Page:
While Kevin Grevioux is known amongst comics readers as the writer behind Marvel’s latest incarnation of their New Warriors franchise, the majority of the public know him as Raze -- the werewolf enforcer from 2003’s sci-fi epic “Underworld,” which he also wrote. Now both groups of fans will get a chance to see the continuation of the latter as Grevioux returns to the world he helped create, reprising his role in January’s “Underworld: Rise of the Lycans” prequel and adapting the movie for IDW Publishing, as announced last weekend Comic-Con International in San Diego. The two-issue miniseries will ship in November and December with interiors and covers by Andrew Huerta with colors by Luis Antonio Delgado.
“It wasn’t as difficult as I thought it was going to be, but it definitely wasn’t easy,” Grevioux told CBR News. “Everything about writing comics, especially when you’re writing for a company like IDW, Marvel, what have you… everything has to fit into their particular page count. So trying to pick and choose out of an entire screenplay which scenes should get the priority and how deeply you go into each scene can be difficult. It’s a matter of picking and choosing.”
However, the series won’t be an exact adaptation, as Grevioux plans to expand several elements of Underworld mythology and characterization in the issues. “I had to add a couple of scenes here and there to round it out and make the characters pop a little more to give an overall sense of what was happening in that world,” he said. “That was important, and I think it worked out pretty well.”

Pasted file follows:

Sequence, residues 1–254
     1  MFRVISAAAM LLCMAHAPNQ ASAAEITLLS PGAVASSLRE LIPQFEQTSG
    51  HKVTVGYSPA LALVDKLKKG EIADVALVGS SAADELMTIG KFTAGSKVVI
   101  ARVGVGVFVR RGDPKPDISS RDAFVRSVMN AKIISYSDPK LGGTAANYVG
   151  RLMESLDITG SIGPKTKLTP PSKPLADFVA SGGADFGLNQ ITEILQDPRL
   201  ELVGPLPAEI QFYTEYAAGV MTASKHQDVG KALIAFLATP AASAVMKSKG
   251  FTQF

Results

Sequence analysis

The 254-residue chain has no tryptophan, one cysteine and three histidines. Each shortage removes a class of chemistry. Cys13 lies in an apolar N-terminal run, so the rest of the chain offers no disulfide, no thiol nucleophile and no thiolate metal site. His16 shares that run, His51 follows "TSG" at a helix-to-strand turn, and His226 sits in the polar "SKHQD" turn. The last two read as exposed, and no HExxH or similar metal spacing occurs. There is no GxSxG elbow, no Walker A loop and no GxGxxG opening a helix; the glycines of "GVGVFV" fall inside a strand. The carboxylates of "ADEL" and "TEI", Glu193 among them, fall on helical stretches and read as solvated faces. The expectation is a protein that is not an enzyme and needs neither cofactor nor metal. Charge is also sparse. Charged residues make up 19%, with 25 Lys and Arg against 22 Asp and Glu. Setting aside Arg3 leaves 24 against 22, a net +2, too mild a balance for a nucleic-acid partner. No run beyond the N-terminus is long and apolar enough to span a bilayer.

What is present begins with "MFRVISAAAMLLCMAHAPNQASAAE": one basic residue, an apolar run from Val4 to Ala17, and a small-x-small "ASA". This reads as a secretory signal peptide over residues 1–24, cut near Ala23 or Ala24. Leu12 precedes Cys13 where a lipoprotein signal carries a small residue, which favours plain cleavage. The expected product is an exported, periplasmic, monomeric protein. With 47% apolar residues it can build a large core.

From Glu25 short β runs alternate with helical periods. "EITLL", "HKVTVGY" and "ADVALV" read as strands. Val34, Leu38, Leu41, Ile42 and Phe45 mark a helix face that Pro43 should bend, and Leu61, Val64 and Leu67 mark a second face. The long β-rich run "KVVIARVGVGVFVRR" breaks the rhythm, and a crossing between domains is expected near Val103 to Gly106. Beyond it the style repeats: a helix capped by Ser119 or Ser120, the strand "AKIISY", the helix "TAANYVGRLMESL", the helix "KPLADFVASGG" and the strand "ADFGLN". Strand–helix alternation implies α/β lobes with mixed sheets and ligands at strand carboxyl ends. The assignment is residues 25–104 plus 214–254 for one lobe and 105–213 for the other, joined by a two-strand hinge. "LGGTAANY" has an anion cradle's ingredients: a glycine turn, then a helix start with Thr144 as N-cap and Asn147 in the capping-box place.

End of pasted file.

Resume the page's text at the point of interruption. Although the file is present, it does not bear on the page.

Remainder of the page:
The writer continued, “Usually when you do something that has potential for a franchise, you can only give them a quarter of the potential of the universe at a time. That’s what we did. Plus, with films -- they’re woefully expensive. Depending on how all of them do, you might not to get to expand them the way you conceived. With comic books, however, you have a chance to go into the nooks and crannies of the universe.”
The “Rise of the Lycans” film -- on which, like previous installments in the Underworld franchise, Grevioux serves as a co-producer -- tells the story of the werewolf revolt against their vampire masters, although as viewers know, the ensuing war won’t wrap up too easily. “I like keeping it a Cold War status even though I will tell you as a rule I don’t like vampires and never have,” laughed Grevioux. “Ever since I was a kid, I could never understand some of the more silly aspects of the mythos -- I can see a vampire, yet he can’t cast a reflection? Idiotic to me.”
Despite his preference both on screen and off for the Lycan faction, the Grevioux admitted that part of what makes the “Underworld” franchise successful is its updating of some of the more oddball gothic legends for modern times. “Try to find a way to take the classic monster or creature myths and turn them on their ear and try to come up with something different.”
Grevioux also has hopes that this first IDW miniseries will be the start of an ongoing exploration of the mythos of “Underworld” in comic book form, including the possible return of his character in stories that aren’t prequels. “Even though my character allegedly died in the first film, these characters can always be brought back because of the nature of their morphology,” he teased.
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